Currency trading has become a big deal lately. I wouldn’t call it a fad but it sure feels like it with forex brokers springing up at every corner. If you’re going to be heavily involved in trading currencies, then a forex broker is certainly an asset, but most investors and stock day traders simply don’t need the hassle of opening up a new trading account if they want to just dabble a bit in currencies.
The Canadian Dollar ETF which is traded under the ticker symbol FXC is a pretty heavily traded ETF that can be the platform to enter the currency trading market. Why did I choose FXC? Well, one reason is because it trades very in tune with the natural resources market (being that Canada is blessed with many of these resources). Having a currency ETF trade with something tangible and something the average investor can grasp is certainly a good starting point.
Another reason why the Canadian Dollar ETF is a good trading vehicle is because the news that comes out of Canada is pretty easy to access and the economy is very stable for the most part. You won’t get any massive day-to-day swings like you would with some other wold currencies and that is certainly a positive when you are trying to learn how the currency market works.
Now, I’m not saying that trading the actual currency isn’t better after you learn the ropes, but when first starting out I’d definitely stick to a stable ETF. Trading currency involves massive leverage and even the slightest swing can put a big dent in your capital. Because the Canadian Dollar ETF is, well, an ETF, you’ll most likely only be able to leverage it 3 to 1 on margin. And the swings are pretty low (rarely does it move more than 0.75% in a trading day) that it can provide just enough “excitement” and chance for profit, but without the risk of getting shell shocked.
So in closing, I highly recommend the Canadian Dollar ETF for traders who want to dabble or learn about currency trading. As always, good luck!
The price of silver has been on a wild ride the last year. It rose sky-high before tumbling in very fast in May. This tumble took many traders off guard and left many other investors asking, “how to short silver?”.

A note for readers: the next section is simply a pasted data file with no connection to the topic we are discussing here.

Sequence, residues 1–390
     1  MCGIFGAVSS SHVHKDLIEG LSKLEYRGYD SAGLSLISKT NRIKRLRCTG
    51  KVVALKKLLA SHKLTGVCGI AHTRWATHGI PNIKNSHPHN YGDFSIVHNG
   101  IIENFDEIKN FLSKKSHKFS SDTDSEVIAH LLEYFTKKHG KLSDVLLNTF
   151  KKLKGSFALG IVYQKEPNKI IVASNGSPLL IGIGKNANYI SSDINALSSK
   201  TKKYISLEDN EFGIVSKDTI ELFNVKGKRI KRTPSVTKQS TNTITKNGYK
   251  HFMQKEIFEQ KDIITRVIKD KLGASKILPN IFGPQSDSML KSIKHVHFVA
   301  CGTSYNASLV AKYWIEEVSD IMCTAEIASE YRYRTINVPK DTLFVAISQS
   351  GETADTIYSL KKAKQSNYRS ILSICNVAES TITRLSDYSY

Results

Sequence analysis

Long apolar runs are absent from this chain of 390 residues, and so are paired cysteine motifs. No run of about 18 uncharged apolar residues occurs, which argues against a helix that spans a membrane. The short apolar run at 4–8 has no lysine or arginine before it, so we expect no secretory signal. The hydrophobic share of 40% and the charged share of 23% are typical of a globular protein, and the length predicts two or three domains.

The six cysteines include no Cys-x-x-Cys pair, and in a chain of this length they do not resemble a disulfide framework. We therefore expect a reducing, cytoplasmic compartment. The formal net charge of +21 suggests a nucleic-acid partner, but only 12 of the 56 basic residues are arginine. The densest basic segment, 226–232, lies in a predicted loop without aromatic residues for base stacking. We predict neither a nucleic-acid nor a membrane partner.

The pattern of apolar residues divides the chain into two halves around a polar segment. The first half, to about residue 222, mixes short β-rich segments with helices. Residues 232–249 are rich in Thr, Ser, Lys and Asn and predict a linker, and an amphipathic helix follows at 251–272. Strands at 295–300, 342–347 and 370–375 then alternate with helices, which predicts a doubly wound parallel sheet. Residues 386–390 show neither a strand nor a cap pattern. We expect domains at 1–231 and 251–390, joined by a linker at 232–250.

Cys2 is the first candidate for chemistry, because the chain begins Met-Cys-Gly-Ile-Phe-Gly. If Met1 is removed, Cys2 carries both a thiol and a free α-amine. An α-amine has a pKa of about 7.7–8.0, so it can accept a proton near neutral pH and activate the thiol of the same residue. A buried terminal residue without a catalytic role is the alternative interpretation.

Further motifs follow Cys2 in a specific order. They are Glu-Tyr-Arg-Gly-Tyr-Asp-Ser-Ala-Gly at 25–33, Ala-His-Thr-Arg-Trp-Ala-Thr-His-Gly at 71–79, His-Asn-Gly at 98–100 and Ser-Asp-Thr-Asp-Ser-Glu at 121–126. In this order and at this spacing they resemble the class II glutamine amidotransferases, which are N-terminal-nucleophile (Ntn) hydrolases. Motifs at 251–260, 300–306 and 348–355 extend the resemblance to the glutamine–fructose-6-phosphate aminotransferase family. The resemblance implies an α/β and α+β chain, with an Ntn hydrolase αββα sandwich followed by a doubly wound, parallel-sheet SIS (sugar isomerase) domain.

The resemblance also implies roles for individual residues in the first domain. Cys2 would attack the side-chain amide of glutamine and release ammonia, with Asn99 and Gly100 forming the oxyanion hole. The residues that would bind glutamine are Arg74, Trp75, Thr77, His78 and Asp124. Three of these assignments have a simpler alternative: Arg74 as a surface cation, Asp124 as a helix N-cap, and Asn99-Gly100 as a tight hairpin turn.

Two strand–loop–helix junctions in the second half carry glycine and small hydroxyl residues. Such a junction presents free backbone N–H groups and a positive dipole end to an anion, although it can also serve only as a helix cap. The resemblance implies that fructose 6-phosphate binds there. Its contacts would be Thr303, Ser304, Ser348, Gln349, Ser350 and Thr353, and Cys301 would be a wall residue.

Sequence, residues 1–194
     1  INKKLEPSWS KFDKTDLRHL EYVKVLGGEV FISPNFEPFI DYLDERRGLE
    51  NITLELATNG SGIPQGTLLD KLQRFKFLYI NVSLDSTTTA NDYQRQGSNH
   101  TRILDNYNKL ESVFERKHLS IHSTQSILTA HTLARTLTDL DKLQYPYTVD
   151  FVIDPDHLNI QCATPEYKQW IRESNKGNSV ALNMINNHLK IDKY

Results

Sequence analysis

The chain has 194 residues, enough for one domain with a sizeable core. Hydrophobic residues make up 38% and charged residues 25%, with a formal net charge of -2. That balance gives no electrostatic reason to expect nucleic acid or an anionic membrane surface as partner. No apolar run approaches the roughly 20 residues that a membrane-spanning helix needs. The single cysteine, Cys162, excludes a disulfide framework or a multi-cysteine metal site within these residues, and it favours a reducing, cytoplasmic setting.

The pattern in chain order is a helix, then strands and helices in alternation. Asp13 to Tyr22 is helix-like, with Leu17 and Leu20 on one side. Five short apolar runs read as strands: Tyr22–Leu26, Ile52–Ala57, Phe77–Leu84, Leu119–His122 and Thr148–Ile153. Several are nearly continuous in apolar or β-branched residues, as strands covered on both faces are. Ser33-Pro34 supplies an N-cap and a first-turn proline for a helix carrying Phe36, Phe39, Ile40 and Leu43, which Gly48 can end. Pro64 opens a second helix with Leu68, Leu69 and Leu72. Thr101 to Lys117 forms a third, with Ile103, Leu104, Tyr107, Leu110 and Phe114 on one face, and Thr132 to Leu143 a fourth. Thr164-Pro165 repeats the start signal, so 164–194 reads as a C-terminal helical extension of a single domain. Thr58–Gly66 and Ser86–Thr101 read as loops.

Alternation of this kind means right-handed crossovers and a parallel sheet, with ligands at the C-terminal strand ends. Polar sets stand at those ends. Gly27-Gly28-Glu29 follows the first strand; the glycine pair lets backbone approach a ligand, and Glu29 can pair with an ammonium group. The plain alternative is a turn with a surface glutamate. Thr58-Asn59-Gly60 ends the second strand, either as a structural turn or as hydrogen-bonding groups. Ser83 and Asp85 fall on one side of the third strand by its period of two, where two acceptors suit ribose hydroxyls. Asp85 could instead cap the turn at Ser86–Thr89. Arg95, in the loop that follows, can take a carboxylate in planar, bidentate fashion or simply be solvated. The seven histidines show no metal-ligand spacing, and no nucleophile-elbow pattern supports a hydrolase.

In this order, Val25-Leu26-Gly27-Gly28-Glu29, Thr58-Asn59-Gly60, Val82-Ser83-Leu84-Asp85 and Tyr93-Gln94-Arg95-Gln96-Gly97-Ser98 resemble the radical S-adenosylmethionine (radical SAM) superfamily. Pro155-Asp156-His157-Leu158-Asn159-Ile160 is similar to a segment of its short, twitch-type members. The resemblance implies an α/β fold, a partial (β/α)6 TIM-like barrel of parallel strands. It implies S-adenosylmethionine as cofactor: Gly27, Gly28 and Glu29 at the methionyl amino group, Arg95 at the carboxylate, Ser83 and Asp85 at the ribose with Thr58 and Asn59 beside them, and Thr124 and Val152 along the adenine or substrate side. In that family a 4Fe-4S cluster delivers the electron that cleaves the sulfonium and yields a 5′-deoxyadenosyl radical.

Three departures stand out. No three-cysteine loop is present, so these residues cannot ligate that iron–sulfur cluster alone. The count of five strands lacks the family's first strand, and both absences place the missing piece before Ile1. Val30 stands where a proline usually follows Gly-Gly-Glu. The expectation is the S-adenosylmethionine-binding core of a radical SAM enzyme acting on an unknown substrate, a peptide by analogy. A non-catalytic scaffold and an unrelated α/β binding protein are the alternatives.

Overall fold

The price of silver seems to have stabilized since the abrupt fall in May but uncertainty still remains in that market so it’s probably a good idea for you as a trader to learn how to short silver using ETFs. This will give you another weapon in your trading arsenal to take advantage of sudden movements in the commodity.
The simplest and easiest way how to short silver is by using the iShares Silver Trust ETF which trades under the symbol “SLV” and the price of it correlates to the daily movements in the silver market. There are a couple drawbacks to shorting silver using this ETF. The first of which is that your broker may not have the shares available for you to short. The second of which is that this method is a more safe platform to short silver and you will not maximize your profits during abrupt movements down in silver.
The latter drawback may not be one at all if you want to play it safe and trade slow and steady like many traders like and even should do. But if you want to maximize your profits should silver tumble, then you should look into trading the ProShares UltraShort Silver ETF which trades under the ticker symbol “ZSL”.
The ZSL ETF is a 2x UltraShort trading vehicle which means that the price of it will fluctuate twice as much as the daily percentage change in silver. So if silver goes down by 5% in one day, the ZSL ETF will rise 10%. This provides you with maximum leverage in shorting silver.
However, while the ZSL leverage is a nice way on how to short silver, it does have its own share of drawbacks. The biggest one being is that it gets reset daily so you may notice that the value deteriorates quite quickly should silver rise. This is something that should always be kept in mind when trading 2x or 3x ETFs.
I hope this article was useful and helped you learn how to short silver using ETFs. Good luck.
Lots of people ask how can one be making money with penny stocks. It’s extremely difficult to trade penny stocks for a living because they are like firecrackers ready to explode in your hand. And chances are that every penny stock trader gets burned quite a bit. Trading penny stocks require a huge fortitude and a steadfast discipline that, I’m sorry to say, most traders who attempt to trade don’t have.
That said, there are ways that you can be making money with penny stocks but they are far from easy. The trick is to never fall in love with the hype and the “glorious” results or expectations about the company you are trading. There is a reason why these stocks are priced at a fraction of a penny, and it’s not because they are going to be multi-billion dollar companies. But the story these stocks tell, whether via their management, PR firms or investors is one which can lead many novice traders to believe that they’ve stumbled on the new hot thing.